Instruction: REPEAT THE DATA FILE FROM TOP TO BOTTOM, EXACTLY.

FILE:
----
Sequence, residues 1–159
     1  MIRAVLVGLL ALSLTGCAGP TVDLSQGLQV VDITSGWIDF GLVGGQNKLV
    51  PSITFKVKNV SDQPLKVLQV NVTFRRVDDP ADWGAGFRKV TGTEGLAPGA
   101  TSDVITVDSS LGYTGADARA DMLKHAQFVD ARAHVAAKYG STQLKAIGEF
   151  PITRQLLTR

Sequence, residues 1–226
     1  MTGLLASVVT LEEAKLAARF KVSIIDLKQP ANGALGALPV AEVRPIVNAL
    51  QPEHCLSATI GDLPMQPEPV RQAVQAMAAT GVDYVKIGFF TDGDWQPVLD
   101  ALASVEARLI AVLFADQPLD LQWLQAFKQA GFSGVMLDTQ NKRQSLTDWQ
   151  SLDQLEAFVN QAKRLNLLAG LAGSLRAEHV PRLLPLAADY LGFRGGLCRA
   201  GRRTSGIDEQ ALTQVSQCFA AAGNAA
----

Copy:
Sequence, residues 1–159
     1  MIRAVLVGLL ALSLTGCAGP TVDLSQGLQV VDITSGWIDF GLVGGQNKLV
    51  PSITFKVKNV SDQPLKVLQV NVTFRRVDDP ADWGAGFRKV TGTEGLAPGA
   101  TSDVITVDSS LGYTGADARA DMLKHAQFVD ARAHVAAKYG STQLKAIGEF
   151  PITRQLLTR

Sequence, residues 1–226
     1  MTGLLASVVT LEEAKLAARF KVSIIDLKQP ANGALGALPV AEVRPIVNAL
    51  QPEHCLSATI GDLPMQPEPV RQAVQAMAAT GVDYVKIGFF TDGDWQPVLD
   101  ALASVEARLI AVLFADQPLD LQWLQAFKQA GFSGVMLDTQ NKRQSLTDWQ
   151  SLDQLEAFVN QAKRLNLLAG LAGSLRAEHV PRLLPLAADY LGFRGGLCRA
   201  GRRTSGIDEQ ALTQVSQCFA AAGNAA